MacroScope

APEC’S always in fashion

CHILEOne of the most closely guarded secrets at the APEC summit in Japan’s port city of Yokohama this weekend is not what the Asia-Pacific leaders might say about currencies and global imbalances. No, that’s all going to be thrashed out at the G20 meeting Thursday and Friday in Seoul. The big topic of speculation here at the Pacifico Yokohama Convention Center is what the leaders will wear when they gather for the annual class photo that concludes the meetings.

U.S. President George W. Bush (L) and his Russian counterpart Vladimir Putin wear Chilean ponchos at APEC meeting  in Santiago in 2004. REUTERS

The last time Japan hosted the Asia-Pacific Economic Cooperation summit was 1995 in Osaka. There the leaders, apparently trying to depict the Japan Salaryman look, came out in business suits. Nobody remembers much about that APEC meeting, except that it took place in the magnificent, gold-embellished Osaka Castle. 

In fact, APEC summits are rarely memorable for much beyond the fashion show and the intriguing historical settings in which they are often staged. The 1994 summit in Bogor, Indonesia is enshrined in the annals of APEC for the “Bogor Goals” that were agreed there. Leaders committed to achieving “free and open trade and investment” by 2010 for developed economies and 2020 for developing ones, giving the group its blueprint for the future. The 21 summiteers in Yokohama are expected to declare that the five industrialised members have passed their Bogor tests. Another eight in the developing wing have asked to be assessed as well, proud of their record in cutting tariffs and red tape.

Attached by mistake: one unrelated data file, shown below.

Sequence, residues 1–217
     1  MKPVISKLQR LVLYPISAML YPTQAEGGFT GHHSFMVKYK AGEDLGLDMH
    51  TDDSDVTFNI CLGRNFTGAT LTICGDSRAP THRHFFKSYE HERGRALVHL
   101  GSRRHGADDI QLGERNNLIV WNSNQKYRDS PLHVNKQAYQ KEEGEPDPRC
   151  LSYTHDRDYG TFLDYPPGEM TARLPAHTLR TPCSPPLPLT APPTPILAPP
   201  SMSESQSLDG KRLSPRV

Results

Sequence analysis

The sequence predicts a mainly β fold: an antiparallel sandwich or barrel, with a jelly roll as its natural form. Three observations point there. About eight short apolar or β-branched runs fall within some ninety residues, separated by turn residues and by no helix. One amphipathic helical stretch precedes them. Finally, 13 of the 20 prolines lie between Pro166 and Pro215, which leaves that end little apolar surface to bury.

I covered the 1994 summit, when Bill Clinton famously kept Indonesian President Suharto waiting and pacing on the portico of the 18th-century Bogor Palace. Everyone was watching Bill work the crowds, while Suharto ostentatiously looked at his watch, peacocks screeching in the bushes. I’ve covered nearly half of the annual summits since they began in Seattle in 1993 when Clinton began the fashion show tradition by outfitting the leaders in black leather bombardier jackets. That was kind of a cool look for everybody.indonesia

Recessions are so hard on the rich

The global recession is taking a severe toll on luxury goods, with LVMH — owner of Dom Perignon, Louis Vuitton and De Beers — reporting sharp declines at its wines, spirits, watches and jewellery divisions.

However, not all luxury goods are suffering. LVMH’s fashion and leather goods enjoyed a rise in sales while Italian fashion house Prada closed 2008 in line with the previous year and said it planned further retail investments.

Luxury eating continues to suffer still. Over the past year a London Michelin-starred restaurant was put into administration and a celebrity chef’s restaurant holding was also placed into administration.